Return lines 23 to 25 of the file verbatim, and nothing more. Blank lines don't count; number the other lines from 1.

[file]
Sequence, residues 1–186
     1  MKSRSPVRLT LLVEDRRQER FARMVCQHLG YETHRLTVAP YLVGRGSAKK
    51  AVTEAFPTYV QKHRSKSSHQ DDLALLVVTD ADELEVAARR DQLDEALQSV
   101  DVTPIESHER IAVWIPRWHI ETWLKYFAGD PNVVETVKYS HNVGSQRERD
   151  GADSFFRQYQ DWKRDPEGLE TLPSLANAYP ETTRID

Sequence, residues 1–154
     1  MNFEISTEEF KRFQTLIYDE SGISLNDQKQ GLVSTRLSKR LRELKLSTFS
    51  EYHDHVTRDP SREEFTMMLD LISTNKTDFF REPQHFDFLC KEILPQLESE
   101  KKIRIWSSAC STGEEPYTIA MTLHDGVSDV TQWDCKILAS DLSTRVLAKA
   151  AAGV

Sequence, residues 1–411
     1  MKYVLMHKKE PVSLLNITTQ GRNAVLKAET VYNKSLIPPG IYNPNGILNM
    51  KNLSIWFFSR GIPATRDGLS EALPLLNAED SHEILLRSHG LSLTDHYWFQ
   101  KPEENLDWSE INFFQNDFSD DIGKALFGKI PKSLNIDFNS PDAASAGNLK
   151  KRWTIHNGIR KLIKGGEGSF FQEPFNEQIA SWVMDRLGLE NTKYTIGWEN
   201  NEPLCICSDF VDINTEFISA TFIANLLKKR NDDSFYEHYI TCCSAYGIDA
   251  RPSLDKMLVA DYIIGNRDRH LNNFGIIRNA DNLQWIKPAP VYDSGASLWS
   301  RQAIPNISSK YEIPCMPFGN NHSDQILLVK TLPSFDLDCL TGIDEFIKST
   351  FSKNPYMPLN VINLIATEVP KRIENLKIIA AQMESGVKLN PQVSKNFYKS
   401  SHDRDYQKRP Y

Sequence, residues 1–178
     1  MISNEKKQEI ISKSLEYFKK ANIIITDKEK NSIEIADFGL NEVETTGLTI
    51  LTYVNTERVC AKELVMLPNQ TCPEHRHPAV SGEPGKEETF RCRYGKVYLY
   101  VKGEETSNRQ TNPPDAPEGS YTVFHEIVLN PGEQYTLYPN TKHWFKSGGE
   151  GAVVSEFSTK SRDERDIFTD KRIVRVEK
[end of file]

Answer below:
    51  LTYVNTERVC AKELVMLPNQ TCPEHRHPAV SGEPGKEETF RCRYGKVYLY
   101  VKGEETSNRQ TNPPDAPEGS YTVFHEIVLN PGEQYTLYPN TKHWFKSGGE
   151  GAVVSEFSTK SRDERDIFTD KRIVRVEK